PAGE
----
Ball's Falls. NPCA

Community input sought for new strategic plan

The CEO of the Niagara Peninsula Conservation Authority (NPCA), Chandra Sharma, can barely contain her enthusiasm when discussing her organisation’s top-priority project, a new strategic plan. The document will be the blueprint which guides the NPCA’s mission over the course of the next decade.

“We took a fresh approach with the strategic plan’s design, seeking out a high degree of community engagement in the formative stages, so as to achieve a shared vision,” said Sharma.

“NPCA staff are integrally involved in the planning and implementation activities, as is the board of directors, and our public advisory committee. And I must say that public input so far has been incredible, and very encouraging.”

NPCA CEO Chandra Sharma. SUPPLIED

The organisation’s current strategic plan, entitled Partners In Conservation – A Shared Responsibility, ends in 2021. Commencing in 2019, the NPCA took the first steps to create a new plan. One of the outreach components was a survey available to the public in an effort to gather input on potential goals and priorities.

“Over 4300 people visited the NPCA website to review information on the plan, and 501 completed the survey directly, indicating overall positive support for the proposed strategic priorities,” said Sharma. “Staff reviewed the feedback, made adjustments to the proposed strategic priorities, and have refined the key components of the draft plan.”

“More work needs to be done to create an understanding of conservation authority roles and responsibilities out in the community, so we are going to be working on that,” said Sharma. “From the survey responses, it was clear that there is a lot expected of the NPCA. We know that people really wanted us to focus on protecting, enhancing, and restoring the watershed. One of the takeaways was that we need to use plain language, even though we are a technical organization that sometimes uses complex, scientific terminology. We are community-based, grassroots organization, and need to remember to keep information easily understandable.”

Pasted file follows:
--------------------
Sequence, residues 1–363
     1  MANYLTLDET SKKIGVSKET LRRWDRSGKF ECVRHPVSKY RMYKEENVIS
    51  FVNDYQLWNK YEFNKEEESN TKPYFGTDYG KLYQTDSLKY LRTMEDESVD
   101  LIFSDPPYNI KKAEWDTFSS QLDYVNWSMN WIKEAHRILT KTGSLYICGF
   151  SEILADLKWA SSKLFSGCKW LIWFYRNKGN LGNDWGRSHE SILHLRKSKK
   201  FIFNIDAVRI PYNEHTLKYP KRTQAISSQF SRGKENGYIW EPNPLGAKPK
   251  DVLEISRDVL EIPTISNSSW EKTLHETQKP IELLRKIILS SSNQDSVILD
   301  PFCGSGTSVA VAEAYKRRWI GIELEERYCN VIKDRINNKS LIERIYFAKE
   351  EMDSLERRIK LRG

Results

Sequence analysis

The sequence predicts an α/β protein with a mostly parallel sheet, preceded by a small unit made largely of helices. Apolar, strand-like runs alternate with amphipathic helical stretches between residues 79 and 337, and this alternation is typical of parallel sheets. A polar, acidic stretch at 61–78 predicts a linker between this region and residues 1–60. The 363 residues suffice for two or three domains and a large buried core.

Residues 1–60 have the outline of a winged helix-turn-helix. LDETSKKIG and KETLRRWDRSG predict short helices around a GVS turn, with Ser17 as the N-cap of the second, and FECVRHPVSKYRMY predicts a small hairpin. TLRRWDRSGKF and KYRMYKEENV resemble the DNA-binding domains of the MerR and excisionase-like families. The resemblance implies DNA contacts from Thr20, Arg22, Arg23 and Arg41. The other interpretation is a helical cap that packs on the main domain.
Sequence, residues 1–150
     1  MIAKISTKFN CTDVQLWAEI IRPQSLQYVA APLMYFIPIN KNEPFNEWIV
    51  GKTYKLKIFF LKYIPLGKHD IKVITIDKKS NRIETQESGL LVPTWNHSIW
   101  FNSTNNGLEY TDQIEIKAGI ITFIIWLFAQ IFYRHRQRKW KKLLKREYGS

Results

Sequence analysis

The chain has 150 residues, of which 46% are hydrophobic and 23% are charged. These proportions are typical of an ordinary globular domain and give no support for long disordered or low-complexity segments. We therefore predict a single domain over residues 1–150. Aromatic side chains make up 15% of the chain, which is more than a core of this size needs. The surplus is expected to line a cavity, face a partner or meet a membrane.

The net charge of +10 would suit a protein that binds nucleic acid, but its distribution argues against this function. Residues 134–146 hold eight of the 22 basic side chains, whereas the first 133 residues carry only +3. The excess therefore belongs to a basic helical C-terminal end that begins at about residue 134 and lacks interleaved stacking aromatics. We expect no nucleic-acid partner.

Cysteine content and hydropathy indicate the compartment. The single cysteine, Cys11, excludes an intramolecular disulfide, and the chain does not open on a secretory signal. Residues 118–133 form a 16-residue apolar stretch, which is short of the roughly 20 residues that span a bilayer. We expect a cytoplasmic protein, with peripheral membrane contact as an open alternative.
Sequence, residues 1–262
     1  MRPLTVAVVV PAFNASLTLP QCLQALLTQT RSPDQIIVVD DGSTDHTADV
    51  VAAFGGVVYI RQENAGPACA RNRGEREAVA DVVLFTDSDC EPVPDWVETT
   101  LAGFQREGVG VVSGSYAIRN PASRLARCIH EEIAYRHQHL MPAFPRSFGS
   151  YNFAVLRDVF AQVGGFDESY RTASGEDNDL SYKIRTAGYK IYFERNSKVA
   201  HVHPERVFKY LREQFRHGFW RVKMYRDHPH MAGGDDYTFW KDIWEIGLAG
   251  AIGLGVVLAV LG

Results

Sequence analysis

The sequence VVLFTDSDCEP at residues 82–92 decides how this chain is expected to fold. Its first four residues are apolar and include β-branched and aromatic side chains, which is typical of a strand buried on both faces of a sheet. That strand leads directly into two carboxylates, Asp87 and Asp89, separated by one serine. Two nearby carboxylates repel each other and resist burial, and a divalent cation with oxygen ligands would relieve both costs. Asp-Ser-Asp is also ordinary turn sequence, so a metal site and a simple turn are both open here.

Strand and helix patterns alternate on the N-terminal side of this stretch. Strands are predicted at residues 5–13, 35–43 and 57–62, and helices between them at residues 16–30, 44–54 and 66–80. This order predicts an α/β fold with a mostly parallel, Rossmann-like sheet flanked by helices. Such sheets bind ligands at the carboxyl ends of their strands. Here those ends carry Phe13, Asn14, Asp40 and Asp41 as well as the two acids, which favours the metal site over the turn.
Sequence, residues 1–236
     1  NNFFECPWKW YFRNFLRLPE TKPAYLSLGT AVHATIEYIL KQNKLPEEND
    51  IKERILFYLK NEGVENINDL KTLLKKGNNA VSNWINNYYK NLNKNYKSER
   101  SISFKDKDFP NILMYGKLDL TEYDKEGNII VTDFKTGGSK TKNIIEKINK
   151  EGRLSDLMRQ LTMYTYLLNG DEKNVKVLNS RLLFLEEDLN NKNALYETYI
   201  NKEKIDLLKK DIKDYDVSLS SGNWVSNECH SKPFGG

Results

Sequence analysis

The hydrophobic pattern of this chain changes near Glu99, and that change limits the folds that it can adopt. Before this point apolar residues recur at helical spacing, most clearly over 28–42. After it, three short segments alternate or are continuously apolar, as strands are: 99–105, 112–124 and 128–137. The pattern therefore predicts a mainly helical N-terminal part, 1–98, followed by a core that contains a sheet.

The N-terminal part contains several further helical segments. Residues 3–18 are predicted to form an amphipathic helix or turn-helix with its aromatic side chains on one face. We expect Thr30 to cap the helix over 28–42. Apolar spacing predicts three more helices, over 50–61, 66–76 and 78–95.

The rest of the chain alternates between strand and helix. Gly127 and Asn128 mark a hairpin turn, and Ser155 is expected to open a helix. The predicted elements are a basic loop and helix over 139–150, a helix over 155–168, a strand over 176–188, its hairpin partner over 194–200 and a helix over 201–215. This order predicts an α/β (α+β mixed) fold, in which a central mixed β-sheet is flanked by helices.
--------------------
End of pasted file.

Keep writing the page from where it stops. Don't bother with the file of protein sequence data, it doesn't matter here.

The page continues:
Sharma has arranged for a virtual public information session this Thursday, August 19, at 6:30 PM, to discuss the evolution of the plan, and seek additional comment prior to presenting the draft document to the board of directors in the fall. The completed strategic plan is set to be released in October.

“This is our second point of direct community engagement, allowing participants to hear a summary of survey results. We want to provide a first-look at the key components of the strategic plan before it’s finalized. People will have an opportunity to ask questions and provide feedback on what we have prepared thus far—we are looking forward to that.”

The link for the virtual information session is accessible through the organization’s website, at getinvolved.npca.ca. Participants are encouraged to pre-register online.

The NPCA has been in existence for 60 years, serving as a natural resource management agency with a mandate to protect and sustain healthy watersheds. It offers services that focus on flood and hazard management, source water protection, species protection, ecosystem restoration, community stewardship, and land management. NPCA is one of 36 conservation authorities in Ontario, and manages 41 conservation areas within the Niagara Peninsula.